What happens when a family decides to make the move to unschooling and then struggle to let go of all those ingrained ideas about education and learning and what a kid ‘needs to know’ at a given age? What happens when, a year or so in, it’s just not working?
It’s a topic that doesn’t get discussed much, and I like to think that is because it doesn’t happen very often.
Of course every family will go through struggles and hopefully have the support and will to make it through. Sandra Dodd had a great blog post several months ago on struggling, in which she tells people to turn away from the old thing instead of struggling with it. This is easier said than done in some (many?) cases, but it is a wonderful thought to keep in the forefront of your mind on days when you feel that things are, for whatever reason, not going well.
So we all have off days, but what if those days turn into months? What if a child newly out of school is overwhelmed by the lack of structure while at the same time resisting any efforts by the also overwhelmed parent to institute structure, no matter how loose it may be in comparison to their old school life?
What happens when the parent is surrounded by friends or co-workers who repeatedly reinforce the idea that they have to make sure their kid doesn’t “fall behind”? That the child should be forced to read, forced to write and kept away from the computer as much as possible?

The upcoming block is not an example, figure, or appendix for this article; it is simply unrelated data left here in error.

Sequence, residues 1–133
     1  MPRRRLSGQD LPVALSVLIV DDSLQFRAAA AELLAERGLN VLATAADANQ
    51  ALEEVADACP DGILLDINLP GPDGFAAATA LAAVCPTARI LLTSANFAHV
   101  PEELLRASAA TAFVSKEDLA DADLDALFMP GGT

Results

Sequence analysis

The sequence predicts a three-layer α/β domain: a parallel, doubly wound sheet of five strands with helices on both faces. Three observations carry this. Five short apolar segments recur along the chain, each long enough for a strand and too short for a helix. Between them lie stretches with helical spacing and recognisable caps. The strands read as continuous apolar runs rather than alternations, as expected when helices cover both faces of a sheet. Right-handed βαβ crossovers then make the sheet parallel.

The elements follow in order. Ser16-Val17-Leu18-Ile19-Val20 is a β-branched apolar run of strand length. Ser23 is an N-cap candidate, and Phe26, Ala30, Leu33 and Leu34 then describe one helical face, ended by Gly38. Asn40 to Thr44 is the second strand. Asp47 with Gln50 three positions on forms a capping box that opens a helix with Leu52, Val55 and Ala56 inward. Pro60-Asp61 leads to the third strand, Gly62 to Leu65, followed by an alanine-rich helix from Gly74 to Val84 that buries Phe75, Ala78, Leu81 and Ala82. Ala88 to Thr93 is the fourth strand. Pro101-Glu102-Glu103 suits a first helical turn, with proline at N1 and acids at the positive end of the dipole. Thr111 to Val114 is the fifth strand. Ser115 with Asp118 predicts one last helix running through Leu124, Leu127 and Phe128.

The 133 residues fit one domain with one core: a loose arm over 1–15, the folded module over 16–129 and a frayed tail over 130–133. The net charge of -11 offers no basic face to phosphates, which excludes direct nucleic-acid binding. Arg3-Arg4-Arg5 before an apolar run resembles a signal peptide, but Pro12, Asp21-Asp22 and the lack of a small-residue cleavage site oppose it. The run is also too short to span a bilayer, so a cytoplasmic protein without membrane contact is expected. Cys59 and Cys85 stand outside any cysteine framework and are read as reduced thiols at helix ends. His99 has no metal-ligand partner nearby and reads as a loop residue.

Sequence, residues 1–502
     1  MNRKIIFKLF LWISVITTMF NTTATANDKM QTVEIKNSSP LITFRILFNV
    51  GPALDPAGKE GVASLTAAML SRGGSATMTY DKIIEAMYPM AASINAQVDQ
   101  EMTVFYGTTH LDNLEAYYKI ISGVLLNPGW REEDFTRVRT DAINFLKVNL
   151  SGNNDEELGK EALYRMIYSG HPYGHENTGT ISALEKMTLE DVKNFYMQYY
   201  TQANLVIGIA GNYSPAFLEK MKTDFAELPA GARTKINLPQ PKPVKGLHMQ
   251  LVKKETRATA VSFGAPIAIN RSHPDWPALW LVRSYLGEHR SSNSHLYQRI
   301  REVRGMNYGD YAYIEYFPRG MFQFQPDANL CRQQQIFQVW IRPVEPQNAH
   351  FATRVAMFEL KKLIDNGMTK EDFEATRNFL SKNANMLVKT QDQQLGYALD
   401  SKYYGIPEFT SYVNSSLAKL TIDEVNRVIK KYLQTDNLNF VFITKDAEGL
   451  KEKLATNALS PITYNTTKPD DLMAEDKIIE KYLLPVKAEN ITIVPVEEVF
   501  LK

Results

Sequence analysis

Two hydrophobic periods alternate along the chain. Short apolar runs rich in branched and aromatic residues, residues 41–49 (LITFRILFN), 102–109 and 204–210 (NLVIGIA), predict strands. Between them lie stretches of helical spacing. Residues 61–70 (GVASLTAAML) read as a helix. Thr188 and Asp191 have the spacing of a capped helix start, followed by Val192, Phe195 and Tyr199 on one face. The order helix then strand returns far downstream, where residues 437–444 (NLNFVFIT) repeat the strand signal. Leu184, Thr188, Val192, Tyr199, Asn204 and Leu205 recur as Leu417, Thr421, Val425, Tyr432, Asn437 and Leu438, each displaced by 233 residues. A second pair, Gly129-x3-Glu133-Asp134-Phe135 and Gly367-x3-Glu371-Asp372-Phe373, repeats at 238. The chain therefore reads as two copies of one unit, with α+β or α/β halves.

Even with a supportive homeschooling community, a family who has spent years in the mill of public/private education and whose insecurities are magnified by negative comments from the very people to whom they used to turn for guidance may have difficulty divorcing themselves from the idea that they must impose education on their child in some form or risk doing them a lifelong disservice.
For those of us who see the benefits of self-directed learning in our kids and who have overcome our own anxieties (for the most part, anyway) around totally bucking the conventional school system and ideas about learning, it is difficult to accept that there might be families for whom it just isn’t going to work, for whatever reason. I want to believe that any family, no matter their current situation or background, can make the decision to unschool and have it be a success. I want to believe that, but in fact it may not be true. Not in our society. At least not yet.
But back to the family for whom it’s not working. What should they do? Of course we hope they’ll wake up one morning, have an “Aha moment” and decide to let their kid be – to ditch the forced curriculum until such time as the kid decides he/she wants to pursue it (if that time ever occurs), but what if that doesn’t happen and everyone in the family is miserable as a result? Should their kid go back to school?
I don’t have an answer here but would love your input and suggestions; or stories of families who turned a struggle into a success.